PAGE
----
Chapter 17 - Structural issues for neurohospitalists  pp. 213-223

Structural issues for neurohospitalists

By Ira Chang

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Since the term was introduced in 1996 by Bob Wachter and Lee Goldman in The New England Journal of Medicine, the hospitalist field has become the fastest growing specialty in medicine. The definition of hospitalist has also broadened to include “any physician whose primary professional focus is the care of hospitalized patients”. More recently as a result of pressures similar to those felt by primary care providers, hospitalist subspecialist models have emerged [,]. Factors contributing to increased demand for inpatient neurology expertise are:

  • the increasing age and longevity of the patient population resulting in a rise in acute stroke and dementia care with more complex medical co-morbidities;
  • inadequate neurology exposure and experience in internal medicine training programs that results in medical hospitalists requesting neurological consultations more frequently;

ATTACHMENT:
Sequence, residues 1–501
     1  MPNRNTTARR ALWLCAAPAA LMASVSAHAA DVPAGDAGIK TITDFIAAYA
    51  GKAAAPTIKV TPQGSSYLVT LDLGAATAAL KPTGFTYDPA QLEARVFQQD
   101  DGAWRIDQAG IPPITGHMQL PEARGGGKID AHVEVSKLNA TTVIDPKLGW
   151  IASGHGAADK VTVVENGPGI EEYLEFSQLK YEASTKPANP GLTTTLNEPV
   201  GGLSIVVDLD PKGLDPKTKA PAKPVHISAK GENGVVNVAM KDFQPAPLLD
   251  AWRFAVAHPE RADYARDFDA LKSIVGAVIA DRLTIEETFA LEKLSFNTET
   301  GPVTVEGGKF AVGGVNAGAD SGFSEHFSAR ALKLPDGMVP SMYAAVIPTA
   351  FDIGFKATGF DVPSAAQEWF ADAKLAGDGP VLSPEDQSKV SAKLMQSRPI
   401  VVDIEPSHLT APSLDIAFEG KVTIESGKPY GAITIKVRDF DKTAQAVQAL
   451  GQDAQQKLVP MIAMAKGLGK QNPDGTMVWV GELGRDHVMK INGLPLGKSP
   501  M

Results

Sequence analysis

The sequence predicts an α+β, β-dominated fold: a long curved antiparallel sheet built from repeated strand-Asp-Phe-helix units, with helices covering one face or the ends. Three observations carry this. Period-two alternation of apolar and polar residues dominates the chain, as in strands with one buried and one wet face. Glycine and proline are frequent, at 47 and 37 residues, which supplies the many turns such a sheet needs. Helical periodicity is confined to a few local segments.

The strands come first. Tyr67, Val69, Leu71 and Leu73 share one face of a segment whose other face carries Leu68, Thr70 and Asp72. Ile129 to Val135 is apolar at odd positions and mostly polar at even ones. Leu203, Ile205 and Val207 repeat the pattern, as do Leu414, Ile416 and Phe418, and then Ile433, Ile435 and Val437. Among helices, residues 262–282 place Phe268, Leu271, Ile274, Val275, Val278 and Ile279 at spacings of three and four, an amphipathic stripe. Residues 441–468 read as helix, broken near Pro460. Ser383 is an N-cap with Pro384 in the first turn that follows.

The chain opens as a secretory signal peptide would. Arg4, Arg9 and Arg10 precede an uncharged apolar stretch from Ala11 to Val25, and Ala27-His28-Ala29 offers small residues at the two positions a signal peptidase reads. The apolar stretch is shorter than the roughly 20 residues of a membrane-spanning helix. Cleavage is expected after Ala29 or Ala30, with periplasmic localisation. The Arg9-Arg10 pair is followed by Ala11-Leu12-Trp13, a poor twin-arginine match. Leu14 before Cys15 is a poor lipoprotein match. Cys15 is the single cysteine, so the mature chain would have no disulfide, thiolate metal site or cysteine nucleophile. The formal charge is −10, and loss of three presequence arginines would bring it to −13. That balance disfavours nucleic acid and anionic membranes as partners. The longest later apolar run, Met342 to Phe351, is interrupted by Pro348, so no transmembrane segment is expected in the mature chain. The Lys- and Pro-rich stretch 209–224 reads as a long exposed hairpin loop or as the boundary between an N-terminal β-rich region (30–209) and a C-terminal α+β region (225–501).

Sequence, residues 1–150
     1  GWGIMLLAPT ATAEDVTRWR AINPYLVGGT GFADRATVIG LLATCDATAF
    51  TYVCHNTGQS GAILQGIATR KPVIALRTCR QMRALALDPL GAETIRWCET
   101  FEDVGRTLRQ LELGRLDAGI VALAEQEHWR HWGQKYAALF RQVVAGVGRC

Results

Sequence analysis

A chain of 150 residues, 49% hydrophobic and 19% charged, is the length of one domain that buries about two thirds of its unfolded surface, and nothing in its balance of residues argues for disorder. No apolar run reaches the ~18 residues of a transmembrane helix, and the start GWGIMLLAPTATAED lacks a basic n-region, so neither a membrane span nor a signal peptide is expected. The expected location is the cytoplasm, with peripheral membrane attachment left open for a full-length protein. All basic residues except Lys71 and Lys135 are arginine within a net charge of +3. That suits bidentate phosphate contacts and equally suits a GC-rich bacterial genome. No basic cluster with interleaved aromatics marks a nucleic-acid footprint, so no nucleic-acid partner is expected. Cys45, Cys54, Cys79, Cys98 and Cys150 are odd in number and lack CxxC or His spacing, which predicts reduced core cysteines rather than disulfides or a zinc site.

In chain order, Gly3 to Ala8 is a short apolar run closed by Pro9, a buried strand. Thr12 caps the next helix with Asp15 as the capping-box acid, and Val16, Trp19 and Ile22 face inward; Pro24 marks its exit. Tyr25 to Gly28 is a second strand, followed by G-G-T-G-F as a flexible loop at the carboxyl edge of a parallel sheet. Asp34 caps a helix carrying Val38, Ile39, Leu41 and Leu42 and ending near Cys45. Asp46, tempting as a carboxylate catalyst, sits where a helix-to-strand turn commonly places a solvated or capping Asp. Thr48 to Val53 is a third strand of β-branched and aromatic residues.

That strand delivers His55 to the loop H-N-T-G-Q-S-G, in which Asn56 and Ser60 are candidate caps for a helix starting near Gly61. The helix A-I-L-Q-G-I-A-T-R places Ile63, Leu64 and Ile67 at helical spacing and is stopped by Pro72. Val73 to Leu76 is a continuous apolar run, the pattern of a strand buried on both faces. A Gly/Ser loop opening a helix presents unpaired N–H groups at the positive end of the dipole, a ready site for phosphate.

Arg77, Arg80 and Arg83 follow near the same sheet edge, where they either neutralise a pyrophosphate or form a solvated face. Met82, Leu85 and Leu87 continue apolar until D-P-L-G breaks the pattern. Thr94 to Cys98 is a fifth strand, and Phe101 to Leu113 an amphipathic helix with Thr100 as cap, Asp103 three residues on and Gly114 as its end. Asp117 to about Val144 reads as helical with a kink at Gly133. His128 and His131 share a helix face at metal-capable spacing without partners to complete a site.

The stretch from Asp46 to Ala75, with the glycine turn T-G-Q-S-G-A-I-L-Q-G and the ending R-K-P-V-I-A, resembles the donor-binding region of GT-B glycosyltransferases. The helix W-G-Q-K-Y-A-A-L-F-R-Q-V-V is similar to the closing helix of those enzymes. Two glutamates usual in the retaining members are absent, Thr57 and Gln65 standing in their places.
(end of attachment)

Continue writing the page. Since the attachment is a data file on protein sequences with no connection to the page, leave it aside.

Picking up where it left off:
• the increasing importance of timely neurological evaluation and decision-making.

Evidence of growth analogous to that of internal medicine hospitalists is occurring in the neurohospitalist field. The Neurohospitalist Section, since its formation in 2009, has been the fastest growing section of the American Academy of Neurology (AAN) and an increasing number of neurohospitalist positions are being filled nationally. As neurohospitalist models emerge to provide timely inpatient neurological care and relieve the stress of acute neurological evaluation on an outpatient practice, many structural and organizational issues need to be considered. A neurohospitalist program will experience the organizational difficulties felt by internal medicine hospitalists in addition to those specific to a neurohospitalist practice ().,-MN.html2010
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